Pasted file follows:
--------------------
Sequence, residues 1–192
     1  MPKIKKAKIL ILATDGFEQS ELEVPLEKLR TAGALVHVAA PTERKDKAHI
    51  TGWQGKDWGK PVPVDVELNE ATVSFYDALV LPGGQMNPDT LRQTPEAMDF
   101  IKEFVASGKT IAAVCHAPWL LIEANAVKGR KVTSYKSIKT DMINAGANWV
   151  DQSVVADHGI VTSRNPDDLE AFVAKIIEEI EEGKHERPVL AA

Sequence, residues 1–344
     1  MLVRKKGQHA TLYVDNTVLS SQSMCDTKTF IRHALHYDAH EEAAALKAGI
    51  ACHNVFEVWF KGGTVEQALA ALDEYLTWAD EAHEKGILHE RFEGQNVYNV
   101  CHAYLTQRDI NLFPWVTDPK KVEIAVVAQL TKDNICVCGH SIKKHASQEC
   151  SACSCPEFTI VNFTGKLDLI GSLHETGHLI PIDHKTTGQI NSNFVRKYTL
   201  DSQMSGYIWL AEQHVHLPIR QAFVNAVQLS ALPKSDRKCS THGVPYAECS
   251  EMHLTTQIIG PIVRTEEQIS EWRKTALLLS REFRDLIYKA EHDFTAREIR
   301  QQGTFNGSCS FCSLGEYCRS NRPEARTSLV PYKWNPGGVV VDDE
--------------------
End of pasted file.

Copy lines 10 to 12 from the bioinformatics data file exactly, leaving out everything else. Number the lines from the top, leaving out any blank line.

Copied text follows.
   151  SACSCPEFTI VNFTGKLDLI GSLHETGHLI PIDHKTTGQI NSNFVRKYTL
   201  DSQMSGYIWL AEQHVHLPIR QAFVNAVQLS ALPKSDRKCS THGVPYAECS
   251  EMHLTTQIIG PIVRTEEQIS EWRKTALLLS REFRDLIYKA EHDFTAREIR